• Pretty much every single Chinese company is an IP risk. Pretty much every single Chinese company will steal your IP if their cost-benefit analysis favors their doing that. In other words, those on the list will likely not be much more of an IP risk than those not on the list. I fear such a list might only create a false sense of security. I oftentimes begin my speeches on “How to Protect Your IP from Chinese Companies” with the following:”If you are doing business with or in China, you need to plan on someone in China making a play for your intellectual property.  It’s not a matter of if, but when. It may be your partner, your distributer, your manufacturer, your sales manager, your top scientist, your supplier, or your customer who seeks to take and then use your IP.  Big Chinese companies steal IP.  Small Chinese companies steal IP.  State owned Chinese companies steal IP.  Privately owned Chinese companies steal IP.  And despite the beliefs of many Americans just starting out in China, Chinese companies with people who speak great English and invite you to their family weddings also steal IP.I am NOT saying that every Chinese company will try to take your IP all the time, but I am saying that if it is in the best interests of a Chinese company to take your IP, it almost certainly will try to do so. (Frankly, I think this is true of most companies in the world, not just in China.) And the Chinese government to a large extent just goes along with this. As recently as 2010, the Chinese Academy of Sciences’ annual report essentially said that because China is not so good at innovating it needs to do what it can to get technology from others. In 2006, China’s Medium and Long-Term Plan for Science and Technology Development stated that if foreign companies want to compete for government contracts they must transfer their IP to their Chinese partners. International outcry eventually led to this policy being cancelled, but so what?  The Chinese government’s desire to see Chinese companies secure foreign technology and its favoritism towards Chinese companies remains.China’s courts are not particularly good venues for pursuing IP theft. They are reluctant to award lost profits (this is true for both domestic and foreign companies) and they tend not to be comfortable with large damages claims.  On top of this, the damages available for IP theft are somewhat limited in that they are usually confined to the amount of lost sales in China, not worldwide.  I remember a big victory for NIKE in an IP case against someone who had been making huge amounts of fake NIKEs. I think the damage award was something like $75,000. It is also extremely difficult to get a Chinese court to order someone to stop using your IP unless and until you prevail at trial. And if you are in a court outside Shanghai or Beijing or a few other cities, you should count on home-town favoritism operating against you.Some of you have no doubt heard that IP protection is getting better in China. And it is. A bit.  But again so what?  You are still at major risk and you have to operate accordingly.  Even if you think I am being too harsh in my assessment of IP in China or even if you think I am just flat out wrong, it still behooves you to at least act as though every Chinese company is a mortal threat to your IP.”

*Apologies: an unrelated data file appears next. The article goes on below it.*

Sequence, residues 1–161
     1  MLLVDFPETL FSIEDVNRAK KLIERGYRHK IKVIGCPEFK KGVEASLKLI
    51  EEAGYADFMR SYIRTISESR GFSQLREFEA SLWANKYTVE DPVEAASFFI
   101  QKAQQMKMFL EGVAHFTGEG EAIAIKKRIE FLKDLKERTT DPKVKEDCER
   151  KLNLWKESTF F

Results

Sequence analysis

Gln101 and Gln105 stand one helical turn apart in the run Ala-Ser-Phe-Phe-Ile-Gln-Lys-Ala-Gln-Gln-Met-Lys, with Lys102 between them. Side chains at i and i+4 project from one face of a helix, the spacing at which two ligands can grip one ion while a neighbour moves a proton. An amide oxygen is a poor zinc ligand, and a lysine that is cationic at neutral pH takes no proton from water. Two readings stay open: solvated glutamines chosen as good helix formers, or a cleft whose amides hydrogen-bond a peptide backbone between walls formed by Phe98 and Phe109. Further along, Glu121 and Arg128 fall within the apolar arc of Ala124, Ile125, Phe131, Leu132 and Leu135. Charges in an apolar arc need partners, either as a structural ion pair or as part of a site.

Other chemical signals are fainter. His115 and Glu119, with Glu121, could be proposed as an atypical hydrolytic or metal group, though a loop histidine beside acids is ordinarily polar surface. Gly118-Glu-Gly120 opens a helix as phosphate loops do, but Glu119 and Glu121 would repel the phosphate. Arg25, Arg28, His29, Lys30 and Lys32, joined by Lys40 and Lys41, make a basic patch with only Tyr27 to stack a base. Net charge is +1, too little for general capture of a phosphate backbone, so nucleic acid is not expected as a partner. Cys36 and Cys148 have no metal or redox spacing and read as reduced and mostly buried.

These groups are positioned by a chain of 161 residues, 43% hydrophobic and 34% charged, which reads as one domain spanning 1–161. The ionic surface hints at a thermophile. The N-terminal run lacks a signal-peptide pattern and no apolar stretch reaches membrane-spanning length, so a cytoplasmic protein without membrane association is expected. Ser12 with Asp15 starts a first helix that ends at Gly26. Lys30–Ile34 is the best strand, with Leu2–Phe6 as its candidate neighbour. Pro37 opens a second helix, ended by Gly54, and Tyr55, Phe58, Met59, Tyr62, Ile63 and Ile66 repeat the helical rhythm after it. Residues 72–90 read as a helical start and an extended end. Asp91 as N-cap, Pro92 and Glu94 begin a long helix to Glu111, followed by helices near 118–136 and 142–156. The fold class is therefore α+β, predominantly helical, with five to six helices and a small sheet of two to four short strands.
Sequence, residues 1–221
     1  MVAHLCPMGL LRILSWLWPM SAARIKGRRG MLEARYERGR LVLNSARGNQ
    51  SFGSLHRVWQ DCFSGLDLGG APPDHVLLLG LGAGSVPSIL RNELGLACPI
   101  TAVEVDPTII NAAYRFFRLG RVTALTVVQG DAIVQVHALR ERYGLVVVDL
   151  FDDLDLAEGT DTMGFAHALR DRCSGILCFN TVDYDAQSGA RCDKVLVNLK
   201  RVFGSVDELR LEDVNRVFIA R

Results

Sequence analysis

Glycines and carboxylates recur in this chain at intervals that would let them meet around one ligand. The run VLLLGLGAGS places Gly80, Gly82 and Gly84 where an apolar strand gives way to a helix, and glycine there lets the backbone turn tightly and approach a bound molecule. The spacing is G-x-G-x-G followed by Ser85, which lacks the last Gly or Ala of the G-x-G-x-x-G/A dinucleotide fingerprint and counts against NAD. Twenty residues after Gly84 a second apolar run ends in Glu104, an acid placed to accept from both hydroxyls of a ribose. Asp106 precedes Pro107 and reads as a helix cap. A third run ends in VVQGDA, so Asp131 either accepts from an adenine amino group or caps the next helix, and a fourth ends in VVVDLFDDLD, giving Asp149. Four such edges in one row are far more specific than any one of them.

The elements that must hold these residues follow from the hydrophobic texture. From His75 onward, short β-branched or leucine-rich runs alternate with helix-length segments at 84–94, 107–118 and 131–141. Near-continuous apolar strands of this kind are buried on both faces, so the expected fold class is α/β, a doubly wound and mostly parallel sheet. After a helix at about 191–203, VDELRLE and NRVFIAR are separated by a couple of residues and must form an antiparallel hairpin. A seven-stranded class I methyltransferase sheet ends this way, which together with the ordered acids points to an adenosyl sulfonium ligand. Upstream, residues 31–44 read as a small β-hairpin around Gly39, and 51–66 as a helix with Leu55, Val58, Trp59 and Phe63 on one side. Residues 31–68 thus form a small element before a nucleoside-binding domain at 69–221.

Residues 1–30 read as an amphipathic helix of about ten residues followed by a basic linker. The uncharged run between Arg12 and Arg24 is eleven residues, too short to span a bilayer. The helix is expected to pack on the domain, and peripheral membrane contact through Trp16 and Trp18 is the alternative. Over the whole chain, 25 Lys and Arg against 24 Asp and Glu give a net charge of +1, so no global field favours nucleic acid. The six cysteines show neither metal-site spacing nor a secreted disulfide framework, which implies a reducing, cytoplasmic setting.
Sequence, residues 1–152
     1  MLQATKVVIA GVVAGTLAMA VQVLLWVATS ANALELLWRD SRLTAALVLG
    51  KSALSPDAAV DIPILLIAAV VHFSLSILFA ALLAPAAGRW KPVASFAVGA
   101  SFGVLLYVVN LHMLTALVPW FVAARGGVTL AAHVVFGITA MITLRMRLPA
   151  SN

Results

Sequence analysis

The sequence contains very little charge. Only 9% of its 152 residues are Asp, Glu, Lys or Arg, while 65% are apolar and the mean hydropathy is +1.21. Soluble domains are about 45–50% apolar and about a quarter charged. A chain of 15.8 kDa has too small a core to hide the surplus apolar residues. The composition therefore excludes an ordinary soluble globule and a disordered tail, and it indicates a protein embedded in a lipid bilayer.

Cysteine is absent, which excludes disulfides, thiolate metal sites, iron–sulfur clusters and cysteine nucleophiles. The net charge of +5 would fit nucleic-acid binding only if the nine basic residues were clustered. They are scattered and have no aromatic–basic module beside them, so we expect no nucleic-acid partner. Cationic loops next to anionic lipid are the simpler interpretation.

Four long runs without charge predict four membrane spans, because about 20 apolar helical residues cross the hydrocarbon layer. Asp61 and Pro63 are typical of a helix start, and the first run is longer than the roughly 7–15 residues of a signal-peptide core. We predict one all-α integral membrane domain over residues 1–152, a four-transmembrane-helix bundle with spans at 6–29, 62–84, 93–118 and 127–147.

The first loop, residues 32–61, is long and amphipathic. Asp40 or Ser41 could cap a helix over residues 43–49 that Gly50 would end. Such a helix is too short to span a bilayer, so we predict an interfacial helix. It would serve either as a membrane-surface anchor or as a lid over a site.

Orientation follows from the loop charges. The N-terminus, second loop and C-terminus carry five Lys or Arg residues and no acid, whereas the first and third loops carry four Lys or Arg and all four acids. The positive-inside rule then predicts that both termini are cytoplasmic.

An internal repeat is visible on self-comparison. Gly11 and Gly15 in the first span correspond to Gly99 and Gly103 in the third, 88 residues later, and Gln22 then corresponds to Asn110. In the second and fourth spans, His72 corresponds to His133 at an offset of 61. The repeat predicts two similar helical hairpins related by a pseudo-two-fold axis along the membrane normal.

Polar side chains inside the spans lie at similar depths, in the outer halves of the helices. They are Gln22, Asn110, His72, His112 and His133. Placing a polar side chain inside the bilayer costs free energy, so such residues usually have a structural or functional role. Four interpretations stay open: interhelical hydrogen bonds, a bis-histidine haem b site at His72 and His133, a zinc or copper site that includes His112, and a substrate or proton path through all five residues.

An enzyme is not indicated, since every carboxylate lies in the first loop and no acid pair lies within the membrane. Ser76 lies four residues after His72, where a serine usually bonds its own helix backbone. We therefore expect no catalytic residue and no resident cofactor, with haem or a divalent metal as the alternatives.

There is one great reason for instituting such a list, but it does not override the problems I list above. It is in many ways a perfect tit-for-tat for China’s new “Company Tracking System” which will give both foreign and domestic Chinese companies based on how well they hew to The Party line. See China’s New Company Tracking System: Comply, Comply, Comply. I fully expect this company tracking system will be unfair, arbitrary and corrupt and maybe the U.S. just threatening to engage in something at least somewhat similar for Chinese companies will moderate China’s company tracking system just a bit, at least as against foreign companies.